ZFIN ID: ZDB-PUB-170901-13
The cytoplasmic tail of rhodopsin triggers rapid rod degeneration in kinesin-2 mutants
Feng, D., Chen, Z., Yang, K., Miao, S., Xu, B., Kang, Y., Xie, H., Zhao, C.
Date: 2017
Source: The Journal of biological chemistry   292(42): 17375-17386 (Journal)
Registered Authors: Zhao, Chengtian
Keywords: kif3a, kinesin, kinesin-2, photoreceptor, retinal degeneration, rhodopsin, zebrafish
MeSH Terms:
  • Animals
  • Calcium Signaling*
  • Cell Membrane/genetics
  • Cell Membrane/metabolism*
  • Kinesin/genetics
  • Kinesin/metabolism*
  • Mutation*
  • Protein Domains
  • Retinal Rod Photoreceptor Cells/metabolism*
  • Rhodopsin/genetics
  • Rhodopsin/metabolism*
  • Zebrafish
  • Zebrafish Proteins/genetics
  • Zebrafish Proteins/metabolism*
PubMed: 28855254 Full text @ J. Biol. Chem.
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ABSTRACT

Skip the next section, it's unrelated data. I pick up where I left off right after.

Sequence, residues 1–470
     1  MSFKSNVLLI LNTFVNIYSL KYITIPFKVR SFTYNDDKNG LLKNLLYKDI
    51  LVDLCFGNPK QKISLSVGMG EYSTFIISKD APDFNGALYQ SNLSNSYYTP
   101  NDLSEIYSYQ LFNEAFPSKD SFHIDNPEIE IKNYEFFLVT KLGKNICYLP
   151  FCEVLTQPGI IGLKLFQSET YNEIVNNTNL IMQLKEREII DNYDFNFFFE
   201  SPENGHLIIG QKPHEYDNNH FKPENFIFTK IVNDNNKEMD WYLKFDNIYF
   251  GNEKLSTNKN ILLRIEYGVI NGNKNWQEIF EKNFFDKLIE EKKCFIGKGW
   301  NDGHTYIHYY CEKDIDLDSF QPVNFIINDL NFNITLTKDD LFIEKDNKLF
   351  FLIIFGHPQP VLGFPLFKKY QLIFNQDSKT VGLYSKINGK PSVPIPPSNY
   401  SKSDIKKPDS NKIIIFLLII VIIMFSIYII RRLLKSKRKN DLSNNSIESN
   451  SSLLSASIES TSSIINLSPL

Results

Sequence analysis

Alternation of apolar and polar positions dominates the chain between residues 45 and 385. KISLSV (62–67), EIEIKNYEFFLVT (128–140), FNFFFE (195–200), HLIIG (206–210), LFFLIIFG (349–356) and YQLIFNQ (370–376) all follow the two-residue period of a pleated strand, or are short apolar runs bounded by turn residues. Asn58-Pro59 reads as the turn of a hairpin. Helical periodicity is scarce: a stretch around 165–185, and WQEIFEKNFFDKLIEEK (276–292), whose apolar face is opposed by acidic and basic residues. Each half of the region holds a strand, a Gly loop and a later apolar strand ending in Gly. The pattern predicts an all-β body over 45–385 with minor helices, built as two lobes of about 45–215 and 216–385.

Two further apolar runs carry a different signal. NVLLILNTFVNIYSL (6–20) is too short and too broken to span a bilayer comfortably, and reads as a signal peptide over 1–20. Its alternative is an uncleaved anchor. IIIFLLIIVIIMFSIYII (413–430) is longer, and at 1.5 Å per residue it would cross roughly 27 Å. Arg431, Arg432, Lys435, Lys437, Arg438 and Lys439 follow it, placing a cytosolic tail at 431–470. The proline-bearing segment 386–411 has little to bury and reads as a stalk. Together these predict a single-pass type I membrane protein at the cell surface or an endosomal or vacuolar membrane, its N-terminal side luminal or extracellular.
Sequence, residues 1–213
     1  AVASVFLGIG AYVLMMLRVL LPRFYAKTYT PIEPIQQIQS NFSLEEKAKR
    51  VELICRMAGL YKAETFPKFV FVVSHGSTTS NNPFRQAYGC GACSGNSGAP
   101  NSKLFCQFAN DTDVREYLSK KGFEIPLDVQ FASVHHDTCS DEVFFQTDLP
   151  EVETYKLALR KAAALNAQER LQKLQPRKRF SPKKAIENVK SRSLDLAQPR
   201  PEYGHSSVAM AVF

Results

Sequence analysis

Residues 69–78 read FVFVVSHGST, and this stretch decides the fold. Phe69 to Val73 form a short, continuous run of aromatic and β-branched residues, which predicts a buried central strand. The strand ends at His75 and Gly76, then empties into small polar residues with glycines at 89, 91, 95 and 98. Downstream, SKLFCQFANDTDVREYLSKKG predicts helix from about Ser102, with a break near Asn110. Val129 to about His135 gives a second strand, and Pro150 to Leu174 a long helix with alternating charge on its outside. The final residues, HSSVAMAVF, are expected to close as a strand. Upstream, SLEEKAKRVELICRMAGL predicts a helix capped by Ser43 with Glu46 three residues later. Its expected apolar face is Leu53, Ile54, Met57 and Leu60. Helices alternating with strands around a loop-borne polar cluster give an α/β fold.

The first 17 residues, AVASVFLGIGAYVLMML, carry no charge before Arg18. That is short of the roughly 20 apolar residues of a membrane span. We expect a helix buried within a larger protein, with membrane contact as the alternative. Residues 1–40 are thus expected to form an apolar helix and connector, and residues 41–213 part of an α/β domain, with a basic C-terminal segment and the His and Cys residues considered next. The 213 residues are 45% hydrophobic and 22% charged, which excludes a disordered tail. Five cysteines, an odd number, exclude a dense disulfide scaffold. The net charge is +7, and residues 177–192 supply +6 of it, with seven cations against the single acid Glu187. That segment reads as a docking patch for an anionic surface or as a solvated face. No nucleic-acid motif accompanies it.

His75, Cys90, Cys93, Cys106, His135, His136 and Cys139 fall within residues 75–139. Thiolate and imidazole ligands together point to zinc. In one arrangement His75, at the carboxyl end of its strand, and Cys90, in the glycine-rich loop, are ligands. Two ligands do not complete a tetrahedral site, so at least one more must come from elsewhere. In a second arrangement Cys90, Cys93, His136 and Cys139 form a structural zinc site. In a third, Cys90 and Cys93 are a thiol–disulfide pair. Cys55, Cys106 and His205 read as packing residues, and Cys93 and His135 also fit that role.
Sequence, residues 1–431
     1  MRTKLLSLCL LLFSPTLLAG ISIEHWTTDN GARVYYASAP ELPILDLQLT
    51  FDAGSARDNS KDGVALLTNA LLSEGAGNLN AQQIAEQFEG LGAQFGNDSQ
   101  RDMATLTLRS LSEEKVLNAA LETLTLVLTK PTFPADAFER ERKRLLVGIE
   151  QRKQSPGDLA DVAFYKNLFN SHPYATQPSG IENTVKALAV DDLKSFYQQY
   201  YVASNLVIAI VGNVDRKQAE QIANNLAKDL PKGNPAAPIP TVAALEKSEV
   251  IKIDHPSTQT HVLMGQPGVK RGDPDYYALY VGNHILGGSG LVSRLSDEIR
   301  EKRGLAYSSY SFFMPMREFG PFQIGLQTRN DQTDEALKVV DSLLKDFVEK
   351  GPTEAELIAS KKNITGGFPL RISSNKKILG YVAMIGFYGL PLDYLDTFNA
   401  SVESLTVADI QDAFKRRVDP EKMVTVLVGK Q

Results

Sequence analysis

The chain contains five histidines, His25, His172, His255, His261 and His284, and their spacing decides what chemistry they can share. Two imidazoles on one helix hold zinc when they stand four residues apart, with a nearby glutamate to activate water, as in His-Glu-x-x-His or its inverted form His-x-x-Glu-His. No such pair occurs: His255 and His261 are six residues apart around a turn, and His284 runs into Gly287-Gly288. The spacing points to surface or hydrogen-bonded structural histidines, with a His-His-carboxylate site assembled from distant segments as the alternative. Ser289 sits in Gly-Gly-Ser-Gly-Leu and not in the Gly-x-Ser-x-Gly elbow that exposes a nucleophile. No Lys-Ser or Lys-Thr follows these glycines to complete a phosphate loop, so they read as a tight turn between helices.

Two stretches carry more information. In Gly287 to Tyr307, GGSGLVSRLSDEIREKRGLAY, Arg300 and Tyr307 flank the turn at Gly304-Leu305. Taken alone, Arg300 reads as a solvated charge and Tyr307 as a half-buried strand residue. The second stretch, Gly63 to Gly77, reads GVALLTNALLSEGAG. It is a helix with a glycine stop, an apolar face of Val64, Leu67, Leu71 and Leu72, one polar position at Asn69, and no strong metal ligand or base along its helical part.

Photoreceptor degeneration can lead to blindness and represents the most common form of neural degenerative disease worldwide. Although many genes involved in photoreceptor degeneration have been identified, the underlying mechanisms remain to be elucidated. Here we examined photoreceptor development in zebrafish kif3a and kif3b mutants, which affect two subunits of the kinesin-2 complex. In both mutants, rods degenerated quickly, whereas cones underwent a slow degeneration process. Notably, the photoreceptor defects were considerably more severe in kif3a mutants than in kif3b mutants. In the cone photoreceptors of kif3a mutants, opsin proteins accumulated in the apical region and formed abnormal membrane structures. In contrast, rhodopsins were enriched in the rod cell body membrane and represented the primary reason for rapid rod degeneration in these mutants. Moreover, removal of the cytoplasmic tail of rhodopsin to reduce its function, but not decreasing rhodopsin expression levels, prevented rod degeneration in both kif3a and kif3b mutants. Of note, overexpression of full-length rhodopsin or its cytoplasmic tail domain, but not of rhodopsin lacking the cytoplasmic tail, exacerbated rod degeneration in kif3a mutants, implying an important role of the cytoplasmic tail in rod degeneration. Finally, we showed that the cytoplasmic tail of rhodopsin might trigger rod degeneration through activating the downstream calcium signaling pathway, as drug treatment with inhibitors of intracellular calcium release prevented rod degeneration in kif3a mutants. Our results demonstrate a previously unknown function of the rhodopsin cytoplasmic domain during opsin-triggered photoreceptor degeneration and may open up new avenues for managing this disease.
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